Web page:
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The small English city at the centre of the global 15-minute-city storm

Oxford has become a battleground between urban planners and Right-wing conspiracy theorists

Ed Cunningham
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Ed Cunningham

Ah, the 15-minute city. If you’d heard of them a year ago, it’s likely you were simply an urban-planning enthusiast keenly researching one of the biggest trends in local government policy. But now the concept is back in the spotlight – and for pretty confusing reasons. 

But don’t worry – we’re here to give you the lowdown. Here’s why 15-minute cities are causing such a storm online at the moment (and why the small English city of Oxford has become the unlikely battleground for urban planners and Right-wing conspiracy theorists).

What are 15-minute cities?

The concept behind a 15-minute city is pretty simple, really. It’s the idea that a town or city can be designed so that pretty much all the stuff you need in your daily life is no more than 15 minutes’ walk or cycle away.

In other words, all your work, shopping, education, healthcare and leisure needs would be near where you live. The idea is to dramatically increase accessibility, as well as reduce traffic and car usage – essential to creating more environmentally-friendly societies. The idea of ’20-minute neighbourhoods’ is a variation of the same idea.

And the idea has been around for years. One example of a place that has seriously entertained the idea of a 15-minute city is Paris, whose mayor Anne Hidalgo has led a huge campaign in recent years to build more public parks and cycle lanes.

Will there be 15-minute cities in the UK?

Local governments in Oxford, Bristol, Canterbury and Sheffield have all put forward plans to introduce elements of a 15-minute city. As yet, none have been implemented – though some ideas linked to the policy, from more cycle lanes to more public spaces, have been pursued.

Why is there a conspiracy theory around 15-minute cities?

Some (mostly Right-wing) commentators on social media have claimed that 15-minute cities are designed to confine people to within a certain distance of their homes, and that the policy is a plot to attack personal freedoms. These claims are completely false and, tbh, a bit ridiculous.

A 15-minute city has nothing remotely to do with personal freedoms. The idea is to have all your needs for everyday life conveniently located within a certain distance from each other. Nothing about a 15-minute city stops you from leaving your community or neighbourhood.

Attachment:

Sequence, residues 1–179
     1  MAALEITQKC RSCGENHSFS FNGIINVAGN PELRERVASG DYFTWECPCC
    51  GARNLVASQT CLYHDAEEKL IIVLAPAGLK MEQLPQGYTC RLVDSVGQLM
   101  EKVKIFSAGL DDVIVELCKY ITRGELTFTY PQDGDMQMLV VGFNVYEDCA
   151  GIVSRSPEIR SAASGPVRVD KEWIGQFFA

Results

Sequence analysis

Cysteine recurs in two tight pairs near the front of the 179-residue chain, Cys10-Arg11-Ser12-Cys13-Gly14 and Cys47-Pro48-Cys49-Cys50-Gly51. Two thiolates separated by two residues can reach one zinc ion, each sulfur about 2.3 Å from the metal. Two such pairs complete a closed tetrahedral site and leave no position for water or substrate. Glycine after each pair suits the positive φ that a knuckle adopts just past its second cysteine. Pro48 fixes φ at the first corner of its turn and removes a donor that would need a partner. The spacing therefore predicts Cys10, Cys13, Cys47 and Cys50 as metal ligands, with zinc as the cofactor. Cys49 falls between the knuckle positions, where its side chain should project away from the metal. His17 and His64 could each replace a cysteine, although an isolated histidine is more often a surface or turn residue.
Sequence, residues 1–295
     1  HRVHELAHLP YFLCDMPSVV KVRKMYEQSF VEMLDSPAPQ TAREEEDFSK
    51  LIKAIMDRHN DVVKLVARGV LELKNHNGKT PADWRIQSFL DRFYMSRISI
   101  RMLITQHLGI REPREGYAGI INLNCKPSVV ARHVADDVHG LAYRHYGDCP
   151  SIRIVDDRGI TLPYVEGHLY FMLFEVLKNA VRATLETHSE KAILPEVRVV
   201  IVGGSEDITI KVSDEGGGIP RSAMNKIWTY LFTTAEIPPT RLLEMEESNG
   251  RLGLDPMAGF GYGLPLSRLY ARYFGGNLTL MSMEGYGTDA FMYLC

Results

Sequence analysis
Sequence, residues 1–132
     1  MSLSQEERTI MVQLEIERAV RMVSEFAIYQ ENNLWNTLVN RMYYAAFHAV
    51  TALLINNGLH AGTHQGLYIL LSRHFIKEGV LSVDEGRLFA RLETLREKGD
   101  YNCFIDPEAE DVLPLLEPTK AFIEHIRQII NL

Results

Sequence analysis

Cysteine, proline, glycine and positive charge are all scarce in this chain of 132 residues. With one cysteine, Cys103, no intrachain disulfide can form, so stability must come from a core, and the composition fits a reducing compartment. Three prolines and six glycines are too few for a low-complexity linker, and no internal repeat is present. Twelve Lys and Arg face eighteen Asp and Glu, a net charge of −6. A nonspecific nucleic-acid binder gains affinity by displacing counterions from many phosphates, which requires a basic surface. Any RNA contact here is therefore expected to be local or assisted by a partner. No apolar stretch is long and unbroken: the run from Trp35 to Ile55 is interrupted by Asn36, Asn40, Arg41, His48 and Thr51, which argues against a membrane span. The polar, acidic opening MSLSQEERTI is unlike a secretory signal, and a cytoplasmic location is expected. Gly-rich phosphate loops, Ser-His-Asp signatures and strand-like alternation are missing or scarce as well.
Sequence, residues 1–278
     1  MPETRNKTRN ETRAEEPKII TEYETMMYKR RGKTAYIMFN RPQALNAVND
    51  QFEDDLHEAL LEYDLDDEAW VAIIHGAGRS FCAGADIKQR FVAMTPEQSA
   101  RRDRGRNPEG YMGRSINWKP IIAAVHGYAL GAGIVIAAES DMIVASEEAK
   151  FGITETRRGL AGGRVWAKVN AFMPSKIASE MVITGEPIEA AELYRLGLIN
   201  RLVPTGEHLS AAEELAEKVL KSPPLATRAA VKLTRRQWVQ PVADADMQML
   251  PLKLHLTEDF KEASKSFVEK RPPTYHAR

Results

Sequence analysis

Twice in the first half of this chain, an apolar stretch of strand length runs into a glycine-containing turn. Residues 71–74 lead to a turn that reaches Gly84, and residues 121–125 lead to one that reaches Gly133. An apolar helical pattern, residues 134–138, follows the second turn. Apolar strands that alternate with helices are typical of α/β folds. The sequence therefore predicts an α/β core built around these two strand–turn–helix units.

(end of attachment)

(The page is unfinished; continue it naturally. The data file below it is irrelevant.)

Why are 15-minute cities so controversial?

The concept is ruffling more than a few feathers. One of the reasons is because the implementation of 15-minute cities would mean more restrictions for motorists – for example, by introducing more Ultra Low Emission Zones or Low Traffic Neighbourhoods. Some people argue that these negatively impact local businesses and threaten the freedom of car users. 

Meanwhile, some conspiracy theorists claim that 15-minute cities would come with a greater surveillance culture, and that they would restrict people from moving between neighbourhoods. There’s little evidence to show that this would be the case. 

What does Oxford have to do with all this?

In Oxford the situation is a little bit muddled, largely because conspiracy theorists appear to be confused by (or to have deliberately confused) two different local government policies: the city council’s 15-minute-city plans and recent changes to traffic systems.

In its Local Plan 2040, Oxford City Council proposed installing 15-minute neighbourhoods throughout the city over the next 20 years. These plans don’t include restricting people to their local areas, but instead focus on improving infrastructure and increasing mobility within neighbourhoods.

However, Oxfordshire County Council also recently announced traffic-reducing measures throughout the city. From 2024, drivers in Oxford will be encouraged to travel around the city by using the ring road or using public transport, rather than by just driving through it. In a very similar system to Low Traffic Neighbourhoods, the council will hand out fines to those using city-centre roads at certain times. The new policy doesn’t stop you from travelling anywhere, but it does limit where and when you can use a car.

Conspiracy theorists then decided to link these two otherwise unrelated schemes. They claim that Oxford residents will be tracked and fined for driving outside of their local areas. However, there isn’t any evidence (at all) that this will be the case. 

Given the huge amount of investment in infrastructure needed to make them a reality, there are plenty of legitimate criticisms to levelled at 15-minute cities. But personal freedom doesn’t really come into it. At the end of the day, a 15-minute city will be one that’s built for humans rather than cars. And that, we’re sure you’ll agree, can only be a good thing – for both us and the planet.

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